How to obtain a marriage licence in Germany
So, you would like to get married in Germany? This is quite possible and, like all matters in Germany, even if it is not particularly simple it is at least well documented!
The first step is to visit the local Standesamt. This will be the office in the town in which you are registered as living. If you are living in Germany without being registered, i.e. you are living in Germany illegally, then you cannot do this! If you do not live in Germany but wish to visit the country and marry there, then I guess that you should ask your nearest germany Consulate but I have no idea at all as to whether or not this is possible.
At the Standesamt, you will be asked a large number of questions about yourself and your fiancee. They will want to know about your nationality, past marital history, any children that you have etc.They will then refer to their book of regulations for you and for you fiancee. In there, they will find a list of documents that you must produce. This list will depend on your own details and so, you are unlikely to be asked for exactly the same documents for your fiancee as for you.
Just to make things more interesting, each of the separate Laender within Germany has its own version of this list so, where you live also has an effect on the documents required. In my own case, things would have been a lot easier had I lived in Bayern rather than in Baden-Wurtemburg!
OK, once you have the list, you need to set about obtaining the documents. Some, such as your birth certificate, are obvious and straightforward. I had to produce the original of my fiancees parents marriage certificate!
You really should get this list before your fiancee leaves her own country so that she can bring with her, or send to you, any documents that she must produce.
Every document must be produced in original form and with a certified translation into German. For documents in Russian, for example, it will be a lot cheaper to have these translations done in Russia than in Germany. We had no problems having these translations accepted. Do remember to ask for certified translations. THese cost more than non-certified ones but they are essential.
One document that caused us problems was a letter from the Russian authorities saying that my fiancee was free to marry. The registry office in St.Petersburg simply said that they did not issue documents such as this. However, the Russian Consulate in Muenchen issued it on payment of a DeM50 fee with no formalities at all!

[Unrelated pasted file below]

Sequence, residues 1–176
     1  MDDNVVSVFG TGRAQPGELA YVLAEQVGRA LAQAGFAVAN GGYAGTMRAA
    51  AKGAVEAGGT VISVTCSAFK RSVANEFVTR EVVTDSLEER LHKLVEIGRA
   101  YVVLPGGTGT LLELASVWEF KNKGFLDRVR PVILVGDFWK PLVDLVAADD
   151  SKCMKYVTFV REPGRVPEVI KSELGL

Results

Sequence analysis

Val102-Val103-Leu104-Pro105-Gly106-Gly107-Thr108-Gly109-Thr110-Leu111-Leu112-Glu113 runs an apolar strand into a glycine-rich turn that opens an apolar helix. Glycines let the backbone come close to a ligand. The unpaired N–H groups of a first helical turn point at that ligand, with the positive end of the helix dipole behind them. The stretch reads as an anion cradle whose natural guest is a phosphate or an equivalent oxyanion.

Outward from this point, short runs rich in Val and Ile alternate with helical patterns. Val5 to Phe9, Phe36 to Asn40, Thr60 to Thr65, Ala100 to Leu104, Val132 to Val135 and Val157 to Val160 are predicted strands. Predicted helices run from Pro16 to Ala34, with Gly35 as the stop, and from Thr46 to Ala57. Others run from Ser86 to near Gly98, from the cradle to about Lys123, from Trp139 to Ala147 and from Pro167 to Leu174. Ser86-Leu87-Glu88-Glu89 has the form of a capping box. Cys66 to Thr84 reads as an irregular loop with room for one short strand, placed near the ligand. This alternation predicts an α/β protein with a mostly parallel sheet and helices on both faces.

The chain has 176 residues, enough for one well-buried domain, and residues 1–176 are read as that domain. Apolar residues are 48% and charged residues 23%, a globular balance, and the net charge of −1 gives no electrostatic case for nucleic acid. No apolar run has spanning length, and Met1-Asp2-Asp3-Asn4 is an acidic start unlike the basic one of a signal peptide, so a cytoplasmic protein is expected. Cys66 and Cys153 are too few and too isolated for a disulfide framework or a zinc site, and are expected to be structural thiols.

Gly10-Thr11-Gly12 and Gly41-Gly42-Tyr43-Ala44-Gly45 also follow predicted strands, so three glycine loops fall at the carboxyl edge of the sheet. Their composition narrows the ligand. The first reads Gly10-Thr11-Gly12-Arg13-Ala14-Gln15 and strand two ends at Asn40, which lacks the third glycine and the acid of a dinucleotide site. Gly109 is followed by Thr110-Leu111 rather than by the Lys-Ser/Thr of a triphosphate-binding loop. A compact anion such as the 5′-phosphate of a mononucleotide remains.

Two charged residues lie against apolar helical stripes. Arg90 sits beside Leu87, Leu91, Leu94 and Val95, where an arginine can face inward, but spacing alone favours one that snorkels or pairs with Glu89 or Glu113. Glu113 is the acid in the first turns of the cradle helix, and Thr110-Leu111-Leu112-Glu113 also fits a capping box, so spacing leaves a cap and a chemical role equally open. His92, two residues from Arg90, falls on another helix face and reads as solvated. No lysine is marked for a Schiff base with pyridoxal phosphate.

So, once you have the documents and certified translations, you must take them to the Standesamt. They will be checked and, if all are in order, they will proceed directly to the next step.
You must attend the office, with your fiancee and, unless you are both fluent in German, with one or two translators as required. You will both be asked a fairly simple set of questions. For example, I was asked "Are you aware that your fiancee was previously married, is divorced and has a child by that marriage whom she expects will live with you after the marriage?" At this point, there was a large thud and said child emerged from underneath the registrar's desk clutching his head and crying. :-)
You will also be asked what you wish to do about names after the marriage.
Once this hurdle is passed, you must pay a fee and the papers are posted off to the court in the nearest large town for examination.
This takes about two weeks and, after that, the court will issue the marriage licence. You can then make an appointment to attend the Standesamt for the civil marriage itself.
For this, you will need to bring translators as before and also witnesses. The witnesses must bring their passports!
The civil marriage formalities themselves are short and simple.
After the marriage, you will want to arrange long term residence permission and perhaps change the name in your wife's passport. You can read about this on the next page.
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